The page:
ITHACA, NY – Alumni and faculty at Cornell have been pushing back against the university’s plans to merge its three business schools since the announcement was made in December, as first reported by the Cornell Daily Sun.
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The new college would combine Cornell’s School of Hotel Administration, the Charles H. Dyson School of Applied Economics and Management and the Samuel Curtis Johnson Graduate School of Management. The provost’s announcement says Cornell aims to make the new conglomeration “a top 10 business school in terms of scale and impact.”
The plan is pending approval by the Cornell Board of Trustees, which meets in New York City at the end of January.
According to the Daily Sun’s story, the Cornell Faculty Senate passed a motion urging the Board of Trustees to table the plan just two days after it was announced.
The primary concern expressed over the merger are that it is unclear how the new school would be administrated and funded.
According to an article from Inside Higher Ed, another worry is that the faculty was not consulted before the plan was made: “At the heart of the criticism is concern with how the decision was made: alumni are loyal to their individual schools and don’t feel like they’re being listened to. And faculty members, who assert that these kinds of decisions are often made through faculty channels, believe they should have been a part of the decision-making process.”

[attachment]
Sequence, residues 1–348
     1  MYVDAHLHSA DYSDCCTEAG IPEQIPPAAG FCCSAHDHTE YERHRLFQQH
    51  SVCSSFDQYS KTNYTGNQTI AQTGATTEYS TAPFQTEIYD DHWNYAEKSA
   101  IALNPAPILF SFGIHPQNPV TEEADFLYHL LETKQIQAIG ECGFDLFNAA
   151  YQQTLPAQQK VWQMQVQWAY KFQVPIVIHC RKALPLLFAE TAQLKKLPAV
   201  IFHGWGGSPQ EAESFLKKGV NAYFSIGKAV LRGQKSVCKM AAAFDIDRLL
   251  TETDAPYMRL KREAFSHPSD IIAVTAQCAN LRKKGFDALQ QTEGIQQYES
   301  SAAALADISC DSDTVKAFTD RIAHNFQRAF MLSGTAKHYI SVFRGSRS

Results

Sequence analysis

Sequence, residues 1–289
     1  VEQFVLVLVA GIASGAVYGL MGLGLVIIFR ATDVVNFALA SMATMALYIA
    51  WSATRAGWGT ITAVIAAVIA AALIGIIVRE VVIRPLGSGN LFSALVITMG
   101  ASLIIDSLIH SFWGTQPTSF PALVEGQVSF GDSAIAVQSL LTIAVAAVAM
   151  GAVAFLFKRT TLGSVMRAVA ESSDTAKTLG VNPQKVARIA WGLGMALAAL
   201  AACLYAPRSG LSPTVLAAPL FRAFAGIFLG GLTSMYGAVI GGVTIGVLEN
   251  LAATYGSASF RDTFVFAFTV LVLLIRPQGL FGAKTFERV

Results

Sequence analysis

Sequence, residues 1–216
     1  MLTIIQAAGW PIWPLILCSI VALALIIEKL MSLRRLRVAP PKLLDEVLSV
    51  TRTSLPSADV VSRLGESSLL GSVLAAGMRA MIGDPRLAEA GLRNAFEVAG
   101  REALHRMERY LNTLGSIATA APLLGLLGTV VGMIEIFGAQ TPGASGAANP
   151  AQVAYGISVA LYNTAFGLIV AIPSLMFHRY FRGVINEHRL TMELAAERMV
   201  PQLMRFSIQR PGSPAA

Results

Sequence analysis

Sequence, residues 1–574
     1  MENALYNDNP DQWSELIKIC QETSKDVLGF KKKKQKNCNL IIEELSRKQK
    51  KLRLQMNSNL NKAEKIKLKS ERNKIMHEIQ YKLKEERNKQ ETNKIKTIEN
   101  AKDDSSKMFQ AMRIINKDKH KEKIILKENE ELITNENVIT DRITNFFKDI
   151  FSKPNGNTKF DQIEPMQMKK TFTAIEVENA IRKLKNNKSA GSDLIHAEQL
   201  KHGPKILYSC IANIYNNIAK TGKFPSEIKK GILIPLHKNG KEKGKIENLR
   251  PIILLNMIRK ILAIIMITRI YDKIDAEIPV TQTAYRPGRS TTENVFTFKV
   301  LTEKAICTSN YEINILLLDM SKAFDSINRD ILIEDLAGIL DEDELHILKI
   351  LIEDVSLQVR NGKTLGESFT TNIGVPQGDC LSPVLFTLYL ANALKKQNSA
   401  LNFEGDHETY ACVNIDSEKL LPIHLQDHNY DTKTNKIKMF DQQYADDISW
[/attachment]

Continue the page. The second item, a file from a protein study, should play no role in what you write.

The ideas of a breach of “shared governance” and unilateral decision making echo criticisms made against Ithaca College President Tom Rochon last year.
Cornell has released an FAQ on the issue, which promises that there will be plenty of time for feedback before the plan proceeds.
Loss of identity
The Daily Sun explains that if the schools are merged, there is concern that some of the schools will lose their autonomy, as well as what makes each school unique.
Alumni from the Hotel School seem particularly defensive of their program. A Facebook page called “Keep Cornell Hotel School Independent” was started shortly after the announcement. Many alumni have posted their thoughts in various threads on the page.
“Shame on the University for allowing this to happen without any consultation/feedback from industry and alumni. Bureaucracy at its finest,” wrote one alumna. Another wondered at the fate of a scholarship at the Hotel School that is in her parents’ name should the merger go through.
A petition organized by some School of Hotel Administration alumni calls the idea “counter-intuitive” and says that it “significantly diminishes the school’s reputation and brand value as the best hospitality school in the world … this change of academic focus will undoubtedly lower the quality of future SHA students and deter hospitality organizations from recruiting from SHA.”
Some alumni have expressed that the merger could deter future donations.
“When it comes time for me to start distributing my wealth to organizations and charities, will the Cornell College of Business that I never attended be at the top of my list? I don’t think so,” wrote one alum in an email chain, according to the Inside Higher Ed report.
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